OCR for page 93
--> cram gene: A cytosine response modifier gene that inhibits the proteolytic activation of interleukin-1 beta, thereby suppressing its response to infection. Cytosine: Any of a class of phytohormones whose principal functions are the induction of cell division and the regulation of differentiation of tissue. Cytotoxic: Pertaining to, resulting from, or having the action of a cytotoxin. Cytotoxin: A toxin or antibody that has a specific toxic action on cells of special organs; cytotoxins are named according to the cells for which they are specific. D DNA: Deoxyribonucleic acid, a double-helix polymer encoding genetic information for the transmission of inherited traits; comprises two long, linked chains of monomer nucleotides consisting of a deoxyribose sugar molecule to which is attached a phosphate group and one of four nitrogenous bases—two purines (adenine and guanine) and two pyrimidines (cytosine and thymine). DNA amplification primer: A short stretch of nucleotides that bind, or anneal, to the DNA sequence to be cloned and serve as the starting point for copying in a polymerase chain reaction. DNA clone: A DNA fragment produced by propagating and storing a large number of identical molecules having a selected DNA fragment as their single ancestor. E Enanthem: An eruption upon a mucous surface. Encephalitis: Acute disease of the central nervous system seen in persons convalescing from infectious disease, usually one of viral origin. Epithelial cell: Surface layer of cells closely bound to one another to form continuous sheets covering surfaces that may come into contact with foreign substances. Exanthema: A condition frequently seen in children, marked by intermittent fever lasting 3 days, falling by crisis, and followed a few hours later by a rash on the trunk. G Genetic recombination: The formation of new combinations of genes as a result of crossing over between homologous chromosomes. Genome: A set of chromosomes containing the heritable genetic material that directs gene development. H Hemagglutinin: An antibody that agglutinates erythrocytes. Hypotension: Abnormally low blood pressure. I IgM antibody: A large immunoglobulin protein with extremely high molecular weight of 19 S.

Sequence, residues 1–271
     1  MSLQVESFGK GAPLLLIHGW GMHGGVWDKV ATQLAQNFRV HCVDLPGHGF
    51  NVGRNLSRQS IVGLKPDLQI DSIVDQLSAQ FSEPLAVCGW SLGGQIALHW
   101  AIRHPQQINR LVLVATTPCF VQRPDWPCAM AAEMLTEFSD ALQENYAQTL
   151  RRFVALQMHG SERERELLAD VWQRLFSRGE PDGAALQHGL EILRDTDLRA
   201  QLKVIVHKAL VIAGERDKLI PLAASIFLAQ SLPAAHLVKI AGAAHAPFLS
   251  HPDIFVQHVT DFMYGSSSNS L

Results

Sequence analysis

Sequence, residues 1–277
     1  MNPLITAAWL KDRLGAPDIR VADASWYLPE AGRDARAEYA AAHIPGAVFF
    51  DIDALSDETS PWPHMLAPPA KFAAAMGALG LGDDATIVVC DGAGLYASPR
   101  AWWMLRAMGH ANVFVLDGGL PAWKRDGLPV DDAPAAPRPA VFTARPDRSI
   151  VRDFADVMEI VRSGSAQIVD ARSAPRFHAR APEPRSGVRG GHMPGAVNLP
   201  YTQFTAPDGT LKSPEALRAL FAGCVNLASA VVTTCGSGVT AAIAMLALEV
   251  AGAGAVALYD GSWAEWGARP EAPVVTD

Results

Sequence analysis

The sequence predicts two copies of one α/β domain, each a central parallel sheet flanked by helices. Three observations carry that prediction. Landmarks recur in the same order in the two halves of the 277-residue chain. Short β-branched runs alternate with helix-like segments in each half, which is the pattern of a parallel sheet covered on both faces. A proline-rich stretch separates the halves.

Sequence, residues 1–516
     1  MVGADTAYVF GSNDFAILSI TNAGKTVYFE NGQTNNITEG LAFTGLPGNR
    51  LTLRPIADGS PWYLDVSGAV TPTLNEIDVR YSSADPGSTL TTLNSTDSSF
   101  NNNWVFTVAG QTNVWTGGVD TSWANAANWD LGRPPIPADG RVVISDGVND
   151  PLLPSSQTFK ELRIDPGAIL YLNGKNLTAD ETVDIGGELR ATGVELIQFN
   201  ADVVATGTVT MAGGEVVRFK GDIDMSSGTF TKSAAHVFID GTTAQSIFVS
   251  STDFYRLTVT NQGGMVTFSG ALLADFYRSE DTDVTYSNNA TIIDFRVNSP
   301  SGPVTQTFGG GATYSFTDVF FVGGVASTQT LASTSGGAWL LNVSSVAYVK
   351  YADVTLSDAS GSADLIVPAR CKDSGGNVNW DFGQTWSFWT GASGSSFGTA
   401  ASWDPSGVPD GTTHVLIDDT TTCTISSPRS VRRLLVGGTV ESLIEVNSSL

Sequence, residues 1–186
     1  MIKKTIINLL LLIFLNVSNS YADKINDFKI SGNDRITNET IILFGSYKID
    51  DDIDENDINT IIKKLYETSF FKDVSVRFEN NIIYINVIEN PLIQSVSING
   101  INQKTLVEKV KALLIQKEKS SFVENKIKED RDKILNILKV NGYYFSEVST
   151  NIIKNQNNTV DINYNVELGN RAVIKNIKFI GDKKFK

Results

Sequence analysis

OCR for page 93